The best way to adopt the Lean Startup model is to first look back to understand where we are (since it's been 18 months that we are working on ScrumPad). During this time, we did not apply the Lean Startup model (were not aware of it). We only focused on product development using Agile software development model (the only good thing we did). Customer development was largely absent. I haven broken the retrospective in two parts- 2008 retrospective, and 2009 retrospective. And I have structured it in light of Lean Startup for easier understanding.

Version 1- Free ScrumPad: 2008 Retrospective
What was our hypothesis?
All started with a itch of ours. We looked for a tool that fits our needs. We found two- Basecamp and Version One. But, none was what we were looking for. After trying both, we had decided to build one that we liked. So, since we liked what we had built, we thought there must be more like us who would also like ScrumPad.

How long did we spend to validate this hypothesis?
6 months.

What did we do during this period?
  • We primarily focused on adding functionality (product development, not customer.). We thought more functionality = more satisfaction = more users. 
  • We were releasing incremental version of ScrumPad every two weeks using Agile/Scrum process.
  • We did not do anything on the customer development front. Did not do any marketing. Did not talk to customers for feedback (did not get out of the building). 
  • We completely deferred design thinking that design and usability is secondary to functionality. We thought once we have the functionalities in, we could always add design and improve usability.
  • We did not charge for our service. We thought we need to first build out the full product (not thought about an MVP) before we can start charging.
  • We did put some basic tracking- Google analytics as well as some custom ones (i.e., number of projects, users, and overall project activity index that we defined). It helped us detect some early issues with signup and getting started with ScrumPad. 
What was the result?
We did get a constant stream of SEO traffic from search engines. This traffic resulted in a trickle conversion 1 to 2 every week. Received some unsolicited feedback, primarily from those who liked it. However, when we started charging in early 2009, most of the users from 2008 stopped using the service.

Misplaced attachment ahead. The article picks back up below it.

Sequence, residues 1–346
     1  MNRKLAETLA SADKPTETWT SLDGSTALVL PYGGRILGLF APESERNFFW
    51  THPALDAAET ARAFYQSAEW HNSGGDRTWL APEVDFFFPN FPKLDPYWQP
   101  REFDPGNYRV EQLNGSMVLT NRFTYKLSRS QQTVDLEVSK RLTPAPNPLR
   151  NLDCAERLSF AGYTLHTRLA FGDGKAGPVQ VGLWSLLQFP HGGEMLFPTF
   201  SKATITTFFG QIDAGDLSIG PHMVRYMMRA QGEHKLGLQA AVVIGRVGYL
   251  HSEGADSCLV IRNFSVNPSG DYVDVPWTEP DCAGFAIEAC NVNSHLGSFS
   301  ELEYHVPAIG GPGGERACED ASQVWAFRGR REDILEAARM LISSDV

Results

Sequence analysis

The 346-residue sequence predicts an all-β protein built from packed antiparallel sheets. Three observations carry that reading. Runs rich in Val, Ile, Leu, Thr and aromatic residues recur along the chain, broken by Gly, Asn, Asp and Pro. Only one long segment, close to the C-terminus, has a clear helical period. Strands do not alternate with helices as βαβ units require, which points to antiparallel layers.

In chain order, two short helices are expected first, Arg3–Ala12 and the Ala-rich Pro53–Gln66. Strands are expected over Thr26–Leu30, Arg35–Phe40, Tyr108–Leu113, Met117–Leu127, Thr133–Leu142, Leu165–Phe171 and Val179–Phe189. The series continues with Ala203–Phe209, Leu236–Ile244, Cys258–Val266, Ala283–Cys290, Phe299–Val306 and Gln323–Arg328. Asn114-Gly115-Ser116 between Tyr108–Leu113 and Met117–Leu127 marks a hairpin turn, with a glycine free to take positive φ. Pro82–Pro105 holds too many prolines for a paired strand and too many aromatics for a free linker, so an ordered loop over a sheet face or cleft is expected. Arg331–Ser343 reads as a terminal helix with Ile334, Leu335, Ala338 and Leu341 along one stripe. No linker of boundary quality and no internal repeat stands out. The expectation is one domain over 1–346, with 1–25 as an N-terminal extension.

New   Bounce Avg. Time   Pages 
Visits     rate     on Site       per visit  Conversions
3,521     48%   00:02:50            2.61          5%

What did we learn?
Our product is better than the opensource counterparts. However, as a paid service, we did not learn anything about whether we have a market yet as a paid service.

Version 2- Commercial ScrumPad: 2009 Retrospective 
What was our hypothesis?
If we shift focus from functionality to user-interface and usability, there is a market for our service for a $21/user/month with single pricing model (no tiered pricing). I did a pricing analysis of our competitors (I must admit my class on pricing for my MBA from UNC helped).

How long did we spend to validate this hypothesis? 
All of 2009.

What did we do during this period?
  • We changed our logo, updated the UI, and continued to tweak the interface to improve usability. 
  • However, we spent a significant amount of time in refactoring (rework) to fix the sprawling code-base that resulted from the quick piling up of functionality. 
  • We started actively asking for feedback. We in fact incorporated a short exit interview during the cancellation process. 
  • We started charging for our service. 
  • We still did not do any CPC marketing. We wanted to focus on word of mouth. We added affiliate program instead. 
What was the result?
We continued to have a constant stream of SEO traffic from search engines. Even with pricing in place, we saw significant improvements in all metrics except trial conversion rate. We saw a drop in trial conversion rate (by 1%. I think it makes sense since its no longer free). With "trial to subscription" business model, we finished the year with a few paying customers, but no new customers through our affiliate program.
 New     Bounce    Time      Pages per        Conversion
Visits  rate Avg.   on Site      visit         Trial   Trial to Paid
   7,578    38%    00:04:23      3.72           4%          4%

What did we learn?
Since we have customers who are now paying for our service, there exists a market who are willing to pay for our service at the price-point we are offering now. However, we do not know who they are and how to reach them, and why they like our product over our competitors. Also, the metrics suggest that we have room to optimize the conversion rates through A/B testing of landing page and other aspects of the site and the service. Affiliate program was too early to add.

In hindsight, I believe what we achieved in 18 months or so, we could have learned even more in 6 months or less using Lean Startup techniques. More on what's next from here.